Pope Francis' music library is pictured at the Pontifical Council for Culture in this photo published Jan. 12, 2022 to Twitter by Cardinal Gianfranco Ravasi, president of the council. (CNS photo/courtesy Pontifical Council for Culture)
Pope Francis' music library contains nearly 2,000 CDs and 19 vinyl records, according to the Vatican cardinal who is curating the collection.
While it is mostly made up of classical music, it also includes: an old album of Édith Piaf's greatest hits; Argentine tango tunes, especially by Astor Piazzolla; and a 25-disc collection of Elvis Presley's Gospel songs, said Cardinal Gianfranco Ravasi, president of the Pontifical Council for Culture.
In an interview with the Italian newspaper Corriere della Sera Jan. 13, Cardinal Ravasi said he was not at all surprised when he saw images of Pope Francis walking out of a Rome music store with an album tucked under his arm Jan. 11.
"In fact, I can't wait to find out what it is. I hope he sends it to me soon," the cardinal said.
Cardinal Ravasi said he started receiving and curating the pope's collection of music more than three years ago. It began when the pope sent him a few CDs, saying he knew how much the cardinal liked music, too.
"I replied that I would love to know what music he likes and that's how it started," with the pope regularly sending him music, the cardinal said. "I told him I was thinking of creating a music library and, at one point, he sent me a whole box of discs (saying), 'I've already listened to these.""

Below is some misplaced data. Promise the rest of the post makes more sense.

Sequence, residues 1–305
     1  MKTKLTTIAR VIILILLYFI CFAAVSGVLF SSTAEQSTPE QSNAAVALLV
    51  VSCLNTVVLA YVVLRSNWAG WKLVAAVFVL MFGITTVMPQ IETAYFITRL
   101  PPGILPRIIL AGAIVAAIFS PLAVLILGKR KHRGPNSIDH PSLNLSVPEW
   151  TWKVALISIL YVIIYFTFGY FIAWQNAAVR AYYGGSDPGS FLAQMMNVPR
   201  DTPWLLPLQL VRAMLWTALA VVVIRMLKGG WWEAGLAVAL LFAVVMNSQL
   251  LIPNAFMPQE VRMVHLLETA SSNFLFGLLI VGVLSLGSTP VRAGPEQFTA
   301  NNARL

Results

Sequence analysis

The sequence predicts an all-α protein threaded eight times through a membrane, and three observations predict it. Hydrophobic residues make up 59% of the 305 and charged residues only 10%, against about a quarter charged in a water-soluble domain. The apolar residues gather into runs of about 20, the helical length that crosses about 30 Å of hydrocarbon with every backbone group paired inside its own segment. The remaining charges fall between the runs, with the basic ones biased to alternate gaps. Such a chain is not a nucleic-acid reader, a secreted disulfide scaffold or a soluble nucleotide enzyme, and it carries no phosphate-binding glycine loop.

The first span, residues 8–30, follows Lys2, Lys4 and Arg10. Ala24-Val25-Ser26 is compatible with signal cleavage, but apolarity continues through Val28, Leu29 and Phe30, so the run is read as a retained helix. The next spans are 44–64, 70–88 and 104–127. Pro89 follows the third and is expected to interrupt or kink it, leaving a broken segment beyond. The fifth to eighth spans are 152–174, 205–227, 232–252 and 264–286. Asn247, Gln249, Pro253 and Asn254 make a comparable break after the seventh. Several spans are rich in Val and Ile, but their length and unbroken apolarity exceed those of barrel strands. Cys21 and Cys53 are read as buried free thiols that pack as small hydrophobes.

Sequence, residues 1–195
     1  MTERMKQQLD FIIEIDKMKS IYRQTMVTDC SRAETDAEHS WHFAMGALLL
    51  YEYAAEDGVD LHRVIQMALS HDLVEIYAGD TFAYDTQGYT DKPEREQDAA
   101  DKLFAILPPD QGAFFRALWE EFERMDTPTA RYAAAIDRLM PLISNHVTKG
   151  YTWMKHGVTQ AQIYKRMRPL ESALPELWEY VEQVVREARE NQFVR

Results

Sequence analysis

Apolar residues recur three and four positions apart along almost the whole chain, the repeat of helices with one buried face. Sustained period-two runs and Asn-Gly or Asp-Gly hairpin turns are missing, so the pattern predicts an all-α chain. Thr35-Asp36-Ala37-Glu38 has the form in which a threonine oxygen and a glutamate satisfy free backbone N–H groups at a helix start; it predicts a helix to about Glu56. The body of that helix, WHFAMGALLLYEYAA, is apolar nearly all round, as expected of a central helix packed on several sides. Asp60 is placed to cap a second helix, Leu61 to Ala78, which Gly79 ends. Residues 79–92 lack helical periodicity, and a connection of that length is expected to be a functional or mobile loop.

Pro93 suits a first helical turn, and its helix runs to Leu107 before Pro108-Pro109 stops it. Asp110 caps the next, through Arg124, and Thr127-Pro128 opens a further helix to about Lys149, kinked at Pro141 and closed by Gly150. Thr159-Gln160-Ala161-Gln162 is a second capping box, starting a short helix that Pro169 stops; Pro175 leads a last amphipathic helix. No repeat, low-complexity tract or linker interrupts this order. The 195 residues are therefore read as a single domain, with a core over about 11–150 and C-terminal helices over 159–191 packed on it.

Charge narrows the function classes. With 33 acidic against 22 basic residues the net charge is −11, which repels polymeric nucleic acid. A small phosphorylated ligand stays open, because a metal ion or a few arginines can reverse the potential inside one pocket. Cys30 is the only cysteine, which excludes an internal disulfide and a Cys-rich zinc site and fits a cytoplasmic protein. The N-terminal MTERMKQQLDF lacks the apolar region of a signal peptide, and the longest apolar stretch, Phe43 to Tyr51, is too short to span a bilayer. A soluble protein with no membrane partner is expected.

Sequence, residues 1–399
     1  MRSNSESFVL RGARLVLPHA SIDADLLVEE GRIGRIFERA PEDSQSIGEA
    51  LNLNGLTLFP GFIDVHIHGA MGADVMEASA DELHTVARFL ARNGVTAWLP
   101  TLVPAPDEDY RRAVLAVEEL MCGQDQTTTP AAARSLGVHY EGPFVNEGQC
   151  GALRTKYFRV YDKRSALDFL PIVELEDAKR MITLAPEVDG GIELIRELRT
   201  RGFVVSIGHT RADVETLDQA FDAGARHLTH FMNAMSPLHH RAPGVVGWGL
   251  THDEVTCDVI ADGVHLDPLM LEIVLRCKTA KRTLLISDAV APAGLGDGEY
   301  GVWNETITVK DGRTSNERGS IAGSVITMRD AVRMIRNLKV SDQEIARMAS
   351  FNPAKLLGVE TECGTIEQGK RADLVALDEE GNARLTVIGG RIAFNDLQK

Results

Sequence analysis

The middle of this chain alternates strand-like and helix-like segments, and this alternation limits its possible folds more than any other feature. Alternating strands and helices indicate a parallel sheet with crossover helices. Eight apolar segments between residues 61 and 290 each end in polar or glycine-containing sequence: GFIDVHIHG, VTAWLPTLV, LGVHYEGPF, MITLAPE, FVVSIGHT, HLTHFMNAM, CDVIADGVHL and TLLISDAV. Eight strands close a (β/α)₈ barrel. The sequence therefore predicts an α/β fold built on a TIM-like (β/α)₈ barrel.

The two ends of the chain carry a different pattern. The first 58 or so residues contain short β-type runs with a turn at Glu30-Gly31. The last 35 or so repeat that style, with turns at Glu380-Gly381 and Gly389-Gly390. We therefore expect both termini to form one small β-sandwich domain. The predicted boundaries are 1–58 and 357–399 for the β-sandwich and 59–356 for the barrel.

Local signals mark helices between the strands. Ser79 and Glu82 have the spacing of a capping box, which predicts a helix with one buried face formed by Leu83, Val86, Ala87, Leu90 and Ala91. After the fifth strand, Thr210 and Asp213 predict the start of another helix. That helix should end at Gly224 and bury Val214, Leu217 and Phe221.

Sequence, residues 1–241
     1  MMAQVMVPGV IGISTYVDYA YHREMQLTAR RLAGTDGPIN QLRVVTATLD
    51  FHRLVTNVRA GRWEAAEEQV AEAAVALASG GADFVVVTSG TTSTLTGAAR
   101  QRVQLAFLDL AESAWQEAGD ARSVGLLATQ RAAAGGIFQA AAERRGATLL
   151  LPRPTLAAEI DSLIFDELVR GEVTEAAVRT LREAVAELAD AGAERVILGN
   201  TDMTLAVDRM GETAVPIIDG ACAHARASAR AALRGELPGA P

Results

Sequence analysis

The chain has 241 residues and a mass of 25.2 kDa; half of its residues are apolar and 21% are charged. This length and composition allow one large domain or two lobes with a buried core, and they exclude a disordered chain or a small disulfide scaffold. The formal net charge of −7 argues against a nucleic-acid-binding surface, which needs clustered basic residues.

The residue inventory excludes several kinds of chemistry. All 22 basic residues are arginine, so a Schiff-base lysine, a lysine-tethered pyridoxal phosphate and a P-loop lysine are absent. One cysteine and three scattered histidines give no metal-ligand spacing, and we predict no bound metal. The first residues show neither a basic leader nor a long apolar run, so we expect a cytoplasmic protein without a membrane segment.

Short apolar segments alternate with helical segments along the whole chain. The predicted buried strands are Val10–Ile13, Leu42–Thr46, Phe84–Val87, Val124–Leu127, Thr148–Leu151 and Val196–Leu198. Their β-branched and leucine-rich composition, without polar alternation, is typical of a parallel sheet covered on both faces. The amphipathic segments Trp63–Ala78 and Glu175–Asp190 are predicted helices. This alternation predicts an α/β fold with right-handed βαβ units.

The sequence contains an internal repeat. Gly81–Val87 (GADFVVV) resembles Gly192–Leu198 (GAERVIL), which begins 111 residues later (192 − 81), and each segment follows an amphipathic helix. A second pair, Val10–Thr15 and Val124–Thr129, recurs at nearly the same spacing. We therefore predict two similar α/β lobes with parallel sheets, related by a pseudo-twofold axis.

Today, the culture office has catalogued and keeps a detailed record of 1,728 CDs and 19 record albums from the pope.
While some of the recordings are part of the pope's own personal collection, many of them are gifts the pope has received over the years, Cardinal Ravasi said. They cover a wide variety of genres, which is typical of a true music lover, he added.
The cardinal said the pope told him his love of music came from listening to an opera program on the radio with his mother when he was a boy.
"He sent me the complete collection of recordings at the Teatro Colón (main opera house) of Buenos Aires," he said.
What stands out, he said, is that often what the pope sends is accompanied by handwritten notes with "extraordinary, expert" comments about the piece. "You can see that he listens to the music carefully."
Cardinal Ravasi said he has compiled all the commentary and would like to publish it someday as well as see if the papal music library, housed in the council's office, could be open to experts since the collection "is indicative of his personality and culture."